Was Israeli foreign minister Avigdor Lieberman guilty of an oxymoron when, in January, he labeled fellow right-wing Cabinet members who opposed his proposal to investigate the funding of leftist Israeli nongovernmental organizations “faynshmekerim v’karnafim” — that is, “feinshmeckers and rhinoceroses”?
An oxymoron — from Greek oxys and moros, which mean not “oxen” and “morons,” but “sharp” and “dull” — is a contradictory combination of words, as when a person is called “a clever idiot,” or when a dream is described as “an amusing nightmare.” Although such opposites coupled together are not necessarily senseless, an idiot, on the face of it, cannot be clever, nor can a nightmare be amusing.
But can a rhinoceros be a feinshmecker? In English, nearly all of whose speakers know that a rhinoceros is a large, horny-nosed African mammal, and some of whom also know that faynshmeker is Yiddish for a person of refined taste, the answer would seem to depend on whether certain horny-nosed mammals are pickier than others about their food. In Hebrew, it’s a bit more complicated.
Faynshmeker, it’s true, means the same thing in Israeli slang that it means in Yiddish and in Yinglish or, for that matter, in German, where the word — from the adjective fein and the noun Schmecker, “taster” — is spelled Feinschmecker. The dictionaries translate it as “gourmet.” And yet, though this is indeed its denotation, it is not quite its connotation. “Gourmet” is an emotionally neutral term that says nothing about our attitude toward the person to which we affix it. Yiddish faynshmeker, on the other hand, has a whiff of sarcasm or mockery. Behind its surface meaning lurks the implication of a person of overly refined taste. “She’s a real gourmet” can be said in praise of someone. “She’s a real feinshmecker,” unless otherwise qualified, would not be.
The difference is broadly cultural rather than narrowly semantic. A society that speaks of gourmets sees nothing intrinsically wrong with appreciating or insisting on especially good food or drink and shying away from its alternative. A society that speaks of faynshmekers, such as that of Jewish Eastern Europe, finds the gourmet’s insistence pretentious. “Food is food,” it says. “Who are you to put on airs about it? Be thankful you have it at all, because not everyone does. Don’t be a feinshmecker!”
“Feinshmecker,” whether in Yinglish, Yiddish or Hebrew, can thus also signify a snob, though a cultural rather than a social one. One wouldn’t normally say, “That feinshmecker won’t be seen with people like the Kochleffels,” but one certainly might say, “Would you believe that the feinshmecker looks down on Beethoven and won’t listen to anything later than Mozart?” And as used by Israel’s foreign minister, the word also refers to anyone overly fastidious about anything — in this case, about being fair, out of a sense of democratic principle, to one’s political enemies.
Which brings us to karnaf, a modern Hebrew neologism formed by the two words keren, “horn,” and af, “nose.” Karnaf entered Israeli slang in the 1960s, following a successful 1962 production by the Haifa Municipal Theater of Eugene Ionesco’s now classic drama “Rhinoceros,” which was first performed in France in 1959. In this play, a thinly disguised parable of how totalitarian movements seize power in ordinary societies, the inhabitants of a provincial French town invaded by brutish and belligerent rhinoceroses gradually turn into such animals themselves until only one holdout remains: the last human being among them.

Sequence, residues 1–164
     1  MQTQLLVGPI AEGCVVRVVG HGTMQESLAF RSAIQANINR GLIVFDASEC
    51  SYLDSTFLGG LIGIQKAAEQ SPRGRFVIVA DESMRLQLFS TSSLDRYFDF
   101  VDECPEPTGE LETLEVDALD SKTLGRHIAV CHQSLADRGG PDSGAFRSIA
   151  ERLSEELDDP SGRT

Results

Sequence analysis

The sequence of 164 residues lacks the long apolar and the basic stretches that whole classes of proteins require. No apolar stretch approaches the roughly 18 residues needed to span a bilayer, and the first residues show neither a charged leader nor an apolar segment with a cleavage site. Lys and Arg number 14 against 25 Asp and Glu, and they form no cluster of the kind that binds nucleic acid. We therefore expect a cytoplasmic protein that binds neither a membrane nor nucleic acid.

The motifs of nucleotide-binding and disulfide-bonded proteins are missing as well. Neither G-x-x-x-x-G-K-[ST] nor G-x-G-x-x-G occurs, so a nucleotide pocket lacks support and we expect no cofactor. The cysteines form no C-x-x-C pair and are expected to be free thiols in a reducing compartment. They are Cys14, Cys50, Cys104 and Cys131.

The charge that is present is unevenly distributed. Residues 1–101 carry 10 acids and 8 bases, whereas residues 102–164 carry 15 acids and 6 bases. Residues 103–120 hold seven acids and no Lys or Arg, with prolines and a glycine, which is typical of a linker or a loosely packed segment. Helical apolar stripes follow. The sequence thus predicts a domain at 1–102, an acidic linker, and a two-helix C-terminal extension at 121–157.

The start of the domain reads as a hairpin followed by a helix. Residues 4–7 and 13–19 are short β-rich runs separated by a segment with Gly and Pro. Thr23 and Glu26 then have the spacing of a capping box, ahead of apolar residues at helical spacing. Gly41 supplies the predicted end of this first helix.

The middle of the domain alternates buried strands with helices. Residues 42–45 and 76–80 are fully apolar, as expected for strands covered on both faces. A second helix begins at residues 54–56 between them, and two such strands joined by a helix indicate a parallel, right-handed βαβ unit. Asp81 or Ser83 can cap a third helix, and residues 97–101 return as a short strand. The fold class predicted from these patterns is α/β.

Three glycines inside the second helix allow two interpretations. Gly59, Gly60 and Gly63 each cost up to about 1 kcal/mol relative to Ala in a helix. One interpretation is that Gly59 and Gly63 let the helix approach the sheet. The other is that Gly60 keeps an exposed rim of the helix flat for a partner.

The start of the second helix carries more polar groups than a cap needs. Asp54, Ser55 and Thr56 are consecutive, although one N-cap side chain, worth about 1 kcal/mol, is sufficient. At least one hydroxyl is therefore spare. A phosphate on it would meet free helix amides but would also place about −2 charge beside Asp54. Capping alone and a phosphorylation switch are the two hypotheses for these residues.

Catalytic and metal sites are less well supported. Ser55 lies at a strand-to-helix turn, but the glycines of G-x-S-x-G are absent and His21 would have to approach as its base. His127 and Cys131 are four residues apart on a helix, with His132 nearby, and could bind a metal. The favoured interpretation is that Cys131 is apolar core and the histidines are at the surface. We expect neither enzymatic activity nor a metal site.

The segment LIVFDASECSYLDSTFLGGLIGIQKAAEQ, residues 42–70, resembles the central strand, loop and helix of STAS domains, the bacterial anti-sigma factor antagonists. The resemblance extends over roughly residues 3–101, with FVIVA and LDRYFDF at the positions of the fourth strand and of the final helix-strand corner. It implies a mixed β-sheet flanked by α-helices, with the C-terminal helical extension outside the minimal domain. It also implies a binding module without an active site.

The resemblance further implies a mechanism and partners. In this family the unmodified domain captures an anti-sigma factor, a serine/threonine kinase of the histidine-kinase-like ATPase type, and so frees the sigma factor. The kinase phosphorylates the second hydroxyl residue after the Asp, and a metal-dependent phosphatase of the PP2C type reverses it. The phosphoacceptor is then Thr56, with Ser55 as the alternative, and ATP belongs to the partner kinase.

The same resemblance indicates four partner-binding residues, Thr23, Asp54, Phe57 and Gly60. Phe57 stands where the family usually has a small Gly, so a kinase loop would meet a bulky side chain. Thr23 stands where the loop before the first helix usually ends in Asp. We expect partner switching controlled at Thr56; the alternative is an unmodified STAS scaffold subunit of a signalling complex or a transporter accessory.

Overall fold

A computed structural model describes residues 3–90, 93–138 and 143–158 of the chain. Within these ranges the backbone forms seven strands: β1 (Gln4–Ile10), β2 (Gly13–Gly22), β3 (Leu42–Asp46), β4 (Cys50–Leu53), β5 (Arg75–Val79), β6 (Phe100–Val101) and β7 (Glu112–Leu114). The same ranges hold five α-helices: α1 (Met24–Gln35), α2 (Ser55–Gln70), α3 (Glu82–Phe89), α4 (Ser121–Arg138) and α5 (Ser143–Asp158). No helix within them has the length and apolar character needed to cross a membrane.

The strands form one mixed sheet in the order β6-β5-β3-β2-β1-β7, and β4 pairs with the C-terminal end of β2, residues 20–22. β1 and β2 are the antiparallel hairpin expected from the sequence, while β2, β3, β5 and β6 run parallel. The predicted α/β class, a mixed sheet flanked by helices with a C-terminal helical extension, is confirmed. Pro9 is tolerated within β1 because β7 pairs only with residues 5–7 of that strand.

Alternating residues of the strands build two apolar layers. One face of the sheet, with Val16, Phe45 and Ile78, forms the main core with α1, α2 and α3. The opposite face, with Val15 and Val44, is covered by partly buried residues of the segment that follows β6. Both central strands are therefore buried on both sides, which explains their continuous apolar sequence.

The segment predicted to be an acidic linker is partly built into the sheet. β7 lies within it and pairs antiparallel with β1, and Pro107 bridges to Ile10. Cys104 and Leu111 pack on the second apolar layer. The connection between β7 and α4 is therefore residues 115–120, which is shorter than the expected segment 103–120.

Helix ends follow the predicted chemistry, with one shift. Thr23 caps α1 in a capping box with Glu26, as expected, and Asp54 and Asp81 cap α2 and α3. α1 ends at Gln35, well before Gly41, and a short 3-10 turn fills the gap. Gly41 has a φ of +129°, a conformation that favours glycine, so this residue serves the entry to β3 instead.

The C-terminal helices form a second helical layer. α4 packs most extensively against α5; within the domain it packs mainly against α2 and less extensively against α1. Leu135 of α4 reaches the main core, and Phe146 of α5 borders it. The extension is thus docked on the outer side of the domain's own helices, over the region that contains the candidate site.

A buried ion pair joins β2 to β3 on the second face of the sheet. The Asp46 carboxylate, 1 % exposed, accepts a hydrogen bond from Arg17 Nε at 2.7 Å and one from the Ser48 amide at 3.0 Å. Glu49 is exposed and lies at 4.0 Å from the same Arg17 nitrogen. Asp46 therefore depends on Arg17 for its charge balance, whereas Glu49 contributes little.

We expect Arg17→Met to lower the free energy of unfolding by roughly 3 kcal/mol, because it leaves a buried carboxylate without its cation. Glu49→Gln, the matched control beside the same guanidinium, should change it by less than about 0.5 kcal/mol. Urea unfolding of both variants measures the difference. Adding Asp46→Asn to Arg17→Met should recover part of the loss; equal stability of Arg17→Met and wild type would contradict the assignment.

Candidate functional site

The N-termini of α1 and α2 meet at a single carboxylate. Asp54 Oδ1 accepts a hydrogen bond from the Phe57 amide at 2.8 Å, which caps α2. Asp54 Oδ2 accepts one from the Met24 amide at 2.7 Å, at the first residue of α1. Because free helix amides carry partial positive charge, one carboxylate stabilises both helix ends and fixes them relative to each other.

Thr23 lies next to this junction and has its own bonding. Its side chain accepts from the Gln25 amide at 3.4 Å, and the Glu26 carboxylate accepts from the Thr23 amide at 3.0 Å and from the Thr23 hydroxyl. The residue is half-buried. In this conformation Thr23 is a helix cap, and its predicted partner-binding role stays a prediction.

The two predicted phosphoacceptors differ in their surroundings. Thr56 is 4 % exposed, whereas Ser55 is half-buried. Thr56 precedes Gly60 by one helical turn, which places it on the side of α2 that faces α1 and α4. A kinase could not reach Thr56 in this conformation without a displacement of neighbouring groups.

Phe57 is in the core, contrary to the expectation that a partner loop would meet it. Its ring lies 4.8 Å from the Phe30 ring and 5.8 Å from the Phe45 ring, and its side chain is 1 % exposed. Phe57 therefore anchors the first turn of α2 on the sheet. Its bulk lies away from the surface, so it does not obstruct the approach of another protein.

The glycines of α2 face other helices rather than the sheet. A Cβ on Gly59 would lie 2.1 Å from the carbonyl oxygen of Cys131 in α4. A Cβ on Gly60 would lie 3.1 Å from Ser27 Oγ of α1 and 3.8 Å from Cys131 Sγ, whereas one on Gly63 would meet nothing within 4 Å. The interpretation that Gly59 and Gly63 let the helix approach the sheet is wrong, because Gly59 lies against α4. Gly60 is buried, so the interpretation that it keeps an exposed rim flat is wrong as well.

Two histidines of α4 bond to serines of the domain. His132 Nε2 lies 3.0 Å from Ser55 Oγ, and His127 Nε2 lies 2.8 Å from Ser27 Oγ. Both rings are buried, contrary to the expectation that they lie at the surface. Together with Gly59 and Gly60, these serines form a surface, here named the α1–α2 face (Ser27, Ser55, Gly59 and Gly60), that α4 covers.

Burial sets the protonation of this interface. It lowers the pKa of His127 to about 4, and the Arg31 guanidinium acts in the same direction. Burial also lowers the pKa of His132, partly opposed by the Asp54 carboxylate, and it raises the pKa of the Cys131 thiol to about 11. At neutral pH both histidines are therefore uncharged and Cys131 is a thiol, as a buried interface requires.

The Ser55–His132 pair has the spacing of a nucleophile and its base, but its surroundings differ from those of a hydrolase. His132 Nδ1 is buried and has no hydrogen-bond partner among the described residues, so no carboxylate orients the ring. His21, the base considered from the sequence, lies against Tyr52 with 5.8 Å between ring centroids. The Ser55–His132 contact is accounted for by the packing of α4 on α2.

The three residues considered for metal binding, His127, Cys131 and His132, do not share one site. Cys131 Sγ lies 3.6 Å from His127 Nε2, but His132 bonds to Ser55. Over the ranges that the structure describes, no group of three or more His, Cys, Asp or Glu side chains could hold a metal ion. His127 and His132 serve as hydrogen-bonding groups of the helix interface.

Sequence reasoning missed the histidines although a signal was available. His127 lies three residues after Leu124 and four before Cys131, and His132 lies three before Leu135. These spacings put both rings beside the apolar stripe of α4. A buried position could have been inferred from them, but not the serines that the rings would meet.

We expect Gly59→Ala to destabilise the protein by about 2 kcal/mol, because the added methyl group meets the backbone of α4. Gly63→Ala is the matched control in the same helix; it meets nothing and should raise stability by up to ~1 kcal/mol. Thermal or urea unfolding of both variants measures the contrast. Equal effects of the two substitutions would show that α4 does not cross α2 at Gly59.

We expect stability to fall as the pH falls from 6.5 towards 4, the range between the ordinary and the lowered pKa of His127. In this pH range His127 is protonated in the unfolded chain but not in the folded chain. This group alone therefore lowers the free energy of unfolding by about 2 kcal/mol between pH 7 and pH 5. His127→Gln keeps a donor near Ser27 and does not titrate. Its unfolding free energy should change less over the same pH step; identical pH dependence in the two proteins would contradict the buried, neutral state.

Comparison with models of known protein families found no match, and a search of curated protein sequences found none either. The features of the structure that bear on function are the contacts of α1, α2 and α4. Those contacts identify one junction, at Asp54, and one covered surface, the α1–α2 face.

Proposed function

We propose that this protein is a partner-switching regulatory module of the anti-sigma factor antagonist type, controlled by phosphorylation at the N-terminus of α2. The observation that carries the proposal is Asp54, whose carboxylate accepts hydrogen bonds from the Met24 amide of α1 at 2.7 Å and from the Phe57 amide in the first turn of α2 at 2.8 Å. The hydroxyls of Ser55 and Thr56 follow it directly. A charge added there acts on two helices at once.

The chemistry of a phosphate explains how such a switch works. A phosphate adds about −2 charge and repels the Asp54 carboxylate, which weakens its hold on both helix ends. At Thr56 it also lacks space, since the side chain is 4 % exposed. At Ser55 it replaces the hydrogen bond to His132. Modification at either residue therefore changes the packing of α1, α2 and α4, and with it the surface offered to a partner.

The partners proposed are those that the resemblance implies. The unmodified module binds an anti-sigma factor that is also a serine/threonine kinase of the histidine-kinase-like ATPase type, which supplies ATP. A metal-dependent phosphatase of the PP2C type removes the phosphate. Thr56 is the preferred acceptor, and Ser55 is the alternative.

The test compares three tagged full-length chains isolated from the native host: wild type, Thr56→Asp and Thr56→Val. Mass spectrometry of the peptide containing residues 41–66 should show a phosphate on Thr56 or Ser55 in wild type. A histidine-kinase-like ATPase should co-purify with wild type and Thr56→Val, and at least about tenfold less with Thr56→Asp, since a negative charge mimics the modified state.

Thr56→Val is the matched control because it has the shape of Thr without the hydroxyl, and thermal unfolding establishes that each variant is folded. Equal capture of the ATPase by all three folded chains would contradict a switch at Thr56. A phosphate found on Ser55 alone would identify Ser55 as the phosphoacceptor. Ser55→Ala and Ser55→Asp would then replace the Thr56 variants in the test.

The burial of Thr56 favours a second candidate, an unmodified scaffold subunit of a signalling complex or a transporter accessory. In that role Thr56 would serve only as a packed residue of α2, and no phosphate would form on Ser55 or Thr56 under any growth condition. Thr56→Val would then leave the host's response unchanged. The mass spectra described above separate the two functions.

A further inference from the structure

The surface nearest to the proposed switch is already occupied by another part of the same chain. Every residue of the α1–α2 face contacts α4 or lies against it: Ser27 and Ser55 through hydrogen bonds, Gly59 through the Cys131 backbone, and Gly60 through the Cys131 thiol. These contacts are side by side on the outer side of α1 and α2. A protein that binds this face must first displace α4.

In the wake of the Haifa production, karnaf came to signify in colloquial Hebrew “a crude, rapacious person willing to trample those getting in his way,” and the verb l’hitkarnef, “to rhinocerize,” to turn into such a type. Critics of contemporary Israeli society, in bewailing its growing violence and “might makes right” ethos, have often complained about its hitkarnefut or “rhinocerization.” To the best of my knowledge, Hebrew is the only language to have been so affected by Ionesco’s play, for although the word Rhinozeros exists in German slang, too, it simply means “dumbbell” or “oaf” and doesn’t include the element of rapaciousness that karnaf does. Nor have I been able to determine which came first, the play or the German usage, which may have influenced Ionesco rather than the other way around.
It’s ironic, of course, to see Avigdor Lieberman accusing others of being karnafim when so many Israelis think of him as the karnaf par excellence. It’s also difficult to understand what could be rhinoceroslike about opposing his McCarthyist proposal (it would have been different had he called for investigating the funding of right-wing NGOs, too), or how anyone can be both a karnaf and a faynshmeker at one and the same time. It’s possible to be overly fastidious, and it’s possible to be rapacious, but is it possible to be rapaciously overly fastidious or overly fastidiously rapacious? No more, I would say, than it’s possible to be sharply dull or dully sharp. The foreign minister has indeed been oxymoronic, though he’s definitely not an amusing nightmare.
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